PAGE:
As a professional instructor and keynote speaker throughout the public and private sectors, my courses range from awareness-based training (preventative measures) to empty hand defense, to non-ballistic weapons defense (edged, impact, flexible), to defensive firearms.
At the very end of each course delivery, time is allotted for participant’s questions. In a year’s time I deliver training to about 1,500 attendees. Over the past 30 years (yup, do the math), that’s lots of folks asking me the very same question that plagues any defense-minded individual seeking viable solutions to tactical problems.
The question is: What’s my best defense?
At the risk of sounding pedantic, personal defense is, well, personal. To provide an appropriate answer to such a broad-spectrum question, one must consider that each of us have certain physical and mental attributes that make us better at one thing or another than the person standing behind us in line at the store. Given this consideration, there are three things you can do to build your very best personal defense against a real-world active threat:
- Be Prepared
- Be Aware
- Be Trained
Success favors the prepared. Referencing personal defense against an active threat, it’s my conviction that there are only two types of people walking the earth today, the prepared and the unprepared.
What does it mean to be prepared? It means to take responsibility for your own personal security and that of those you protect. During a violent physical threat, you don’t have the time to wait for the cavalry to ride over the hill. You need to handle it, and now. AKA mindset, you must decide that you’re going to take defensive action before an event occurs or you will be left far behind the action-reaction power curve when it does.
You must accept the fact the bad things can and do happen to good people. It can happen not at some far-off imaginary date, but the split second you step out of your car, walk into a shopping mall or step into a restaurant.
You must have the will to do whatever it takes to get yourself and your protectee off that fateful “X” and to safety. If you do not have the will to take action against another human being, then when the time comes, you most certainly will not take action. If you do not have this will, then you can forget about any personal defense as you will not be able to act.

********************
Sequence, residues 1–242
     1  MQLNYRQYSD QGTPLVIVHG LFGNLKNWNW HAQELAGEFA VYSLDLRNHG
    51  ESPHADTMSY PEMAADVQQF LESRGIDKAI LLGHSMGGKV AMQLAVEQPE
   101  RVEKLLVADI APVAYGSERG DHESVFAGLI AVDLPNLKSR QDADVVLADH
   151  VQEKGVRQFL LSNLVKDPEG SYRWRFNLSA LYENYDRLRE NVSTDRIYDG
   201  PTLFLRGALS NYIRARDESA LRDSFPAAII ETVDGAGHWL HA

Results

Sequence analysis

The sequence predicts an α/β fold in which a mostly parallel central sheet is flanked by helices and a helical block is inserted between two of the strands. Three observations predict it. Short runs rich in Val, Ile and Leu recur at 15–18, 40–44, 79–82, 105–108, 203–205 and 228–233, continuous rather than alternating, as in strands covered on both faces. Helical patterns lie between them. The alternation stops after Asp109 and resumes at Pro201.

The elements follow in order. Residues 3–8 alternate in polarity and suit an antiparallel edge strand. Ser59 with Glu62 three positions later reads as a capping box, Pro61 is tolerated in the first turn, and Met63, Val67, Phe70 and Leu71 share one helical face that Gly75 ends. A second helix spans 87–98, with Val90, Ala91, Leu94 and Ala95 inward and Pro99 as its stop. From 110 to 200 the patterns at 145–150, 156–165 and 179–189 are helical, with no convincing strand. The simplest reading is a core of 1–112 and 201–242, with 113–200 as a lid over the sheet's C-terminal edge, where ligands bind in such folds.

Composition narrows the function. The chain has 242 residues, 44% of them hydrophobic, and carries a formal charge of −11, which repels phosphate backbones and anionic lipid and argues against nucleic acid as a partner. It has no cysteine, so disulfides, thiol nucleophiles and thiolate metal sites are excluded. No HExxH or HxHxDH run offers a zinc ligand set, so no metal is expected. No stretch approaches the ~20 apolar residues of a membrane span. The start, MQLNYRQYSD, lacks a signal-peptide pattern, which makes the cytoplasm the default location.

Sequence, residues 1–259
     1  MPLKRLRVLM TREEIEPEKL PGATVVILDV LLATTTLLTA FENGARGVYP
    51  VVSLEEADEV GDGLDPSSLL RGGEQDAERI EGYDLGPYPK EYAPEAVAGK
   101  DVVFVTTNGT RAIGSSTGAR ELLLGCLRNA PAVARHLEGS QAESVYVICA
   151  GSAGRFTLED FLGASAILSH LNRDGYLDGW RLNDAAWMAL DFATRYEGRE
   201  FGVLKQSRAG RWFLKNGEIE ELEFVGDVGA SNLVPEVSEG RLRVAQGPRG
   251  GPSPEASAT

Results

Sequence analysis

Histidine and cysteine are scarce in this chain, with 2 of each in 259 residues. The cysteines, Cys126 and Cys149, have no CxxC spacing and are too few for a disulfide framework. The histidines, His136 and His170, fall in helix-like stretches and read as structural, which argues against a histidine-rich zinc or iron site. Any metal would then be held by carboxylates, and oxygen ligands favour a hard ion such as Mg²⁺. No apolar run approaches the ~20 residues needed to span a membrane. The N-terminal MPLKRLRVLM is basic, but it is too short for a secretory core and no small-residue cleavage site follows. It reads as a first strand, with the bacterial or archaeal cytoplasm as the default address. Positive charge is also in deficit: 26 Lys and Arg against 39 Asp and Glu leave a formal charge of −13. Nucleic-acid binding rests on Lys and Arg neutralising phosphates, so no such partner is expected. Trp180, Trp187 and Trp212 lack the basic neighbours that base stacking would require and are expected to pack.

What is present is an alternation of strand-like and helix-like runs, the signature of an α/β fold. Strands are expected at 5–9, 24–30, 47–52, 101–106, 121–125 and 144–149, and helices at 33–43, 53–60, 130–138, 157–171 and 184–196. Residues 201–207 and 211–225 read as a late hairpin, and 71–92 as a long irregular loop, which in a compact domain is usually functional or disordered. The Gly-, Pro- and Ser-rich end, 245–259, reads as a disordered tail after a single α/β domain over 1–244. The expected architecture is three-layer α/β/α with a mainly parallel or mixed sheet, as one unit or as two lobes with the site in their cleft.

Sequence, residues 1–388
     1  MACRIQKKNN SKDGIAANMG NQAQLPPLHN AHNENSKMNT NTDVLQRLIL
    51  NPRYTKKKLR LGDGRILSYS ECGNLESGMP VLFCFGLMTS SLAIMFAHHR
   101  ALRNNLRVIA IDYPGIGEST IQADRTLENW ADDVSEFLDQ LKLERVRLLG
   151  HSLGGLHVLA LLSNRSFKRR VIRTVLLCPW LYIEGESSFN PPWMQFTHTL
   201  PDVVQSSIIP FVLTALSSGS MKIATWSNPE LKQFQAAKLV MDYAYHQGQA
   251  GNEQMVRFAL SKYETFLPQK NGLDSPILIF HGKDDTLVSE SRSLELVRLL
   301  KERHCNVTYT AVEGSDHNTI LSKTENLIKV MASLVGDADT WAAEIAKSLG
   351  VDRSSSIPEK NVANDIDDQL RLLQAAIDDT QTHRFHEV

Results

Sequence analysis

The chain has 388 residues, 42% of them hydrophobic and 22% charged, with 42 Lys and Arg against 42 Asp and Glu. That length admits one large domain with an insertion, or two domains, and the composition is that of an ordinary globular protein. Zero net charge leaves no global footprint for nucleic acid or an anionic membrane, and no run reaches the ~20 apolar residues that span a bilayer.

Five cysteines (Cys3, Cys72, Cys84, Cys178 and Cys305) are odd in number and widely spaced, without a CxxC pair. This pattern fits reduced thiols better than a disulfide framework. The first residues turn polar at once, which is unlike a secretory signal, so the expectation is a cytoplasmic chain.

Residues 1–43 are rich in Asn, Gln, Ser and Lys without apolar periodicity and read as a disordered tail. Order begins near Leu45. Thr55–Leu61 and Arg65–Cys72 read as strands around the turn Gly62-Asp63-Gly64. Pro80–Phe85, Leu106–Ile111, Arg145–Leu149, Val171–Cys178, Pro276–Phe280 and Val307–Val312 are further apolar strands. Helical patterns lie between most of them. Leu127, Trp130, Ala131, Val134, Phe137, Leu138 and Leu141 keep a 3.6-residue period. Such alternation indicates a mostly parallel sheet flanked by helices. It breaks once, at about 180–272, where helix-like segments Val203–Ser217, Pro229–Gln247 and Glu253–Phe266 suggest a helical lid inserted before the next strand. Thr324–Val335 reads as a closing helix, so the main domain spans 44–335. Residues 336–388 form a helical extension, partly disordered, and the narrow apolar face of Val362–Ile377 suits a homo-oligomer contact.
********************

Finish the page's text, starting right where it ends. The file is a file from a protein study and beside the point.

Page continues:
Lastly, there is a stark difference between preparedness and paranoia. If you’re paranoid – you are looking around every corner, behind every tree and under every table for some imagined threat – it’s hard to live like that.
Being prepared is simply adopting the mindset that it’s your responsibility. Having the will to take defensive action, and knowing that bad things can happen and that they could happen at any time gives you the advantage. If you’re waiting at a red light and the light turns green and you look left and then right before moving, is that being paranoid or prepared?
Being aware of your immediate environment solves more potential problems than you can imagine. Situational awareness can defuse a situation before it even starts. Using input from your senses, can make you aware of fire (if you smell something burning), screeching tires, gunshots, etc., which provide you with the earliest defensive warnings. Having your face buried in your phone like a cow eating grass, can attenuate or even eliminate this critical input.
Your ability to read body language and recognize threat indicators are two important skills that are part and parcel of being aware. Much more information on threat recognition and how to raise your awareness, can be found in my latest book Your Most Powerful Weapon: Using Your Mind to Stay Safe.
Think about how many times you’ve been in a knock-down, drag-out, face-in-the-dirt street fight or have had to use your firearm in a defensive situation. Compare that to how many times you’ve used your situational awareness so that you didn’t need to go to hands, knives or guns. Odds are you will continue to utilize your awareness far more often than your hand-to-hand or defensive firearms skills.
According to the seventh century BC Greek author Archilochus “We do not rise to the level of our expectations, we fall to the level of our training.” Looking at it from a personal defense perspective, you have only two choices: remain untrained or get yourself some training. Which of these two choices will better prepare you to defend yourself and or your protectees in the event of a violent physical altercation?
The question that usually follows is: get trained in what?
There’s an endless list of hand-to-hand options, such as:
- Muay Thai
- Brazilian Jiu-Jitsu
- Tae Kwon Do
- Western Boxing
- Krav Maga, etc.
And many options for ballistic weapons and non-ballistic training :
- Filipino Martial Arts
It truly doesn’t matter which one(s) you choose. My recommendation is to match your natural attributes with the art designed to best fit your personal profile and available time. Either way it’s time and money well spent. Far better to have and not need, then to need and not have.
- Being prepared gives you the right mindset. It makes you accountable, which provides you the motivation, or will, to take action against another human being if need be.
- Using your awareness affords you the opportunity to see it, hear it or smell it coming – a tremendous tactical advantage, so be aware.
- Get trained – any type of physical skills are better to have in your tool kit than standing there holding your fruit basket when it hits the fan.
Be prepared, be aware and be trained. You can choose one, all of these (your best defense), or none of the above. The choice is yours.
Source: Springfield Armory